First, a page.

Kathleen Rockwell Lawrence

Selected Works

Novels
“An author with a wicked wit and something of the sensibility of Mary McCarthy. If her novel were nothing but funny, it would have been well worth reading; that it is much more makes it compelling.”
Chicago Tribune
“One is indeed sorry to turn the last page and have to face the fact that Maud Gone is all gone.”
Orlando Sentinel
"Lawrence at her satiric best displays a sure hand in her witty, gritty depiction of life in contemporary Manhattan…lively humor, keen observation, gift for dialogue—wry and witty sensibilities…a comic flair…irreverent..."
Publisher's Weekly
Non-fiction; Essays
"Lawrence writes with—how’s this for an old-fashioned word: humanity. She is compelling, comfortable and convincing about family."
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"Literate professionalism...the comic's antic wit...streetwise...frank feminism, deftly presented...fine, funny, and moving...a dead-on depiction of the contemporary urban landscape."
Kirkus

“A rambunctious, down-to-earth sense of humor…an unfussy writer…bound to hold interest...”
The New York Times Book Review
"A writer with a gift for funny language...some of the funniest writing about growing up Catholic I've ever read."
Ms. Magazine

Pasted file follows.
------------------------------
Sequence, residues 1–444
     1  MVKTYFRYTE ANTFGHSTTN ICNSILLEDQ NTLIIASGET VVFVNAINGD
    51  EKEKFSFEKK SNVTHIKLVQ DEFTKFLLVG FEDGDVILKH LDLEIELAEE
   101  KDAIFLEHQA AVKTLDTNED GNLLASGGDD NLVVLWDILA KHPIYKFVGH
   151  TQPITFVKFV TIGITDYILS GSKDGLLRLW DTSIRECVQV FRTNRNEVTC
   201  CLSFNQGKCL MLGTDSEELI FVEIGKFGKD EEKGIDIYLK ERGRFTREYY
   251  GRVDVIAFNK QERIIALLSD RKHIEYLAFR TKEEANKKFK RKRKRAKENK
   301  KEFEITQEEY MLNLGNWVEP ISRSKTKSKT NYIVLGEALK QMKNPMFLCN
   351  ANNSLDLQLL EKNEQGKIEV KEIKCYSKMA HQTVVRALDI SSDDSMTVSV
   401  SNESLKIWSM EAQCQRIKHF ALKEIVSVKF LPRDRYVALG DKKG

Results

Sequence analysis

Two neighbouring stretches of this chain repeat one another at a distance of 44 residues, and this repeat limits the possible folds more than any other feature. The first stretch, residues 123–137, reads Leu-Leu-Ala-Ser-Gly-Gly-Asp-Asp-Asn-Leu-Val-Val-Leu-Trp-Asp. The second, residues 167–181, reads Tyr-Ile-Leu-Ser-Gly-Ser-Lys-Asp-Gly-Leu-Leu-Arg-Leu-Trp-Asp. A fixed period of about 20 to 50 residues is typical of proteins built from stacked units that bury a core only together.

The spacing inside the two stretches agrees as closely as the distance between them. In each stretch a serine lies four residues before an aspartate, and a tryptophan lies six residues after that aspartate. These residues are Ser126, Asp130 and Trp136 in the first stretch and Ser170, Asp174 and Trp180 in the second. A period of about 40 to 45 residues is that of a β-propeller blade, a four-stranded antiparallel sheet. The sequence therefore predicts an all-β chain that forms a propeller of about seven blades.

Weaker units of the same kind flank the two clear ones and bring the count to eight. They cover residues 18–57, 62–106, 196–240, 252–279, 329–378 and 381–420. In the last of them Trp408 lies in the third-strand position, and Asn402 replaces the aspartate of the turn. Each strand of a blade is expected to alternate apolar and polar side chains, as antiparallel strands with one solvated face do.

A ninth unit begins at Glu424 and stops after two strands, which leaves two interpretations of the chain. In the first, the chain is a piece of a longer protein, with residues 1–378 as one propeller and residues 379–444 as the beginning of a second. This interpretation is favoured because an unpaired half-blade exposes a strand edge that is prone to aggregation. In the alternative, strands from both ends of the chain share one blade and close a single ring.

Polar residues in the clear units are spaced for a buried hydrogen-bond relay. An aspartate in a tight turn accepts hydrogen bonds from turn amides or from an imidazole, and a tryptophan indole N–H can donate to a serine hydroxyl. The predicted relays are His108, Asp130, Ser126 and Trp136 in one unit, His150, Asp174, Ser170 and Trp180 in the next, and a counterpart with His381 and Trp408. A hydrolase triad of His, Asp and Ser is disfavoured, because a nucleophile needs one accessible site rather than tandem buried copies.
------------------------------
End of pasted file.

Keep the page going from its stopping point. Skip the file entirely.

Kathleen Rockwell Lawrence started life as an only child but wound up the eldest of ten. This is what made her, and made her a writer. Kathleen is the author of two novels: Maud Gone and The Last Room in Manhattan, as well as a collection of her essays: The Boys I Didn't Kiss. Sadly, growing up repressed and Catholic in Appalachia, she didn't get to kiss so many boys. Maybe one or two.

A former HERS columnist for The New York Times, she's also contributed to The New York Times Magazine, The OpEd Page, and the Travel Section. Her articles and essays have appeared in Vogue, Ms., Glamour, Newsday, 7Days, The Chicago Tribune, The North American Review, Irish America, and The Antioch Review. Grants and fellowships include The MacDowell Colony, Jerome Foundation, Yaddo, Bread Loaf, Ragdale, The National Endowment for the Humanities, and Oxford University/The English-Speaking Union. A member of PEN American Center, The Writers Room, and Irish-American Writers and Artists, she teaches at City University of New York.

A second-generation Irish-American, with dual Irish/US citizenship, she is currently working on a memoir, Becoming Irish, a consideration of her huge and troubled family through the prism of the Irish Troubles—The Starvation, The Land Wars, and the legacy of the diaspora. Connecting with that tragic history has given her a deeper understanding of the heartbreak of disruption and loss that so many Irish-Americans carry with them, often unconsciously; in turn, that understanding has enabled her to feel a new sympathy toward her own parents.

Not incidentally, when it came time for reproduction, Kathleen had an only child, who is now fully-grown.